Ukraine Conflict: 2 Years On

February 24th marked two years since Russia’s full-scale invasion into Ukraine, the largest attack on a European country since World War II. Those past 24 months have been marked by tens of thousands of Ukrainian civilian casualties, millions fleeing the country, and millions more internally displaced within its borders. The refugee crisis is the worst Europe has faced in over 70 years. Russian forces targeted hospitals, schools and other civilian infrastructure and widespread accounts of crimes against humanity, war crimes, and the abduction of children prompted the International Criminal Court to issue an arrest warrant for Putin.

Counterclockwise from top left: photo by Tom Kemp; photo by Brook of Hope; photo by Jade Koroliuk

Today, the UN Refugee Agency (UNHCR) estimates:

  • Over 10,000 Ukrainian civialians have been killed
  • Nearly 20,000 more wounded
  • Approximately 6.5 million Ukrainian refugees are living abroad
  • Over 4.5 million are internally displaced
  • Over 14.6 million people continue to need humanitarian assistance now and in the immediate future

At the very onset of the war, OpUSA began mobilizing our resources as we anticipated the vast and dire humanitarian needs very likely to arise – and, sadly, to persist. Corporate partners, foundations and individual donors all rose to the task and partnered with us aid the Ukranian civilians caught in the middle. We are not a conflict zone NGO. Operating in an active war zone required unique skills – and the entirety of Ukraine become one as Russia fired missiles far and wide at civilian targets. So we used our time-tested approach of finding local partners with the expertise and skillset to best serve those in need. By strategically making grants and distributing supplies, OpUSA addressed the humanitarian needs in areas throughout the Ukraine and ensured that aid was delivered efficiently and correctly.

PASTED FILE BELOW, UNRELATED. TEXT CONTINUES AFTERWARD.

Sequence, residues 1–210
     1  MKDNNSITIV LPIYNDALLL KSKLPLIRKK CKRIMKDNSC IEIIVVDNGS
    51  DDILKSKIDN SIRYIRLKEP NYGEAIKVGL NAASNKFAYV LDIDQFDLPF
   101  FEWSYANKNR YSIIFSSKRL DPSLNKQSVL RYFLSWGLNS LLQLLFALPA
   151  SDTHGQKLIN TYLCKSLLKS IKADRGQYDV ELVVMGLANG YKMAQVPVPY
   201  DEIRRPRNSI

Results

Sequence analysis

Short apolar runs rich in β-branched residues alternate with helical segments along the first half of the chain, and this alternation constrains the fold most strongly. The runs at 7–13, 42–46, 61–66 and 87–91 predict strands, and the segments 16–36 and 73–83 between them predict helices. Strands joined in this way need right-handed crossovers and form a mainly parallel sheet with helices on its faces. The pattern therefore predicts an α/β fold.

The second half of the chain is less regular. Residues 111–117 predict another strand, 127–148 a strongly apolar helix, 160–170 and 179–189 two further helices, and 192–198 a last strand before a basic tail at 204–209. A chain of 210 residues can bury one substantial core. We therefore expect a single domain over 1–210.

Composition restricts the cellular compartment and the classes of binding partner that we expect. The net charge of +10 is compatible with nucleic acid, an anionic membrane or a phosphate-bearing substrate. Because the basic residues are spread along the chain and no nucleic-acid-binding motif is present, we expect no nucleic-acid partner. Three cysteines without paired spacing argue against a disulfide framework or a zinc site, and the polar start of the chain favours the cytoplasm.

Since the war began, OpUSA has:

  • distributed over $1,000,000 in grants to groups supporting the needs of refugees, IDPs, women and children, the elderly, LGBTIQ+
  • provided resources supporting programs that feed and heal, that house and rebuild, that document and support thousands

Left: Medical supplies for civilian health clinic. Right: New ovens for baking bread (both photos courtesy of Brook of Hope).

As the war moves into year 3, the humanitarian needs of Ukrainian families remain as acute as ever. Operation USA is committed to helping those who need help. We hope you will, too.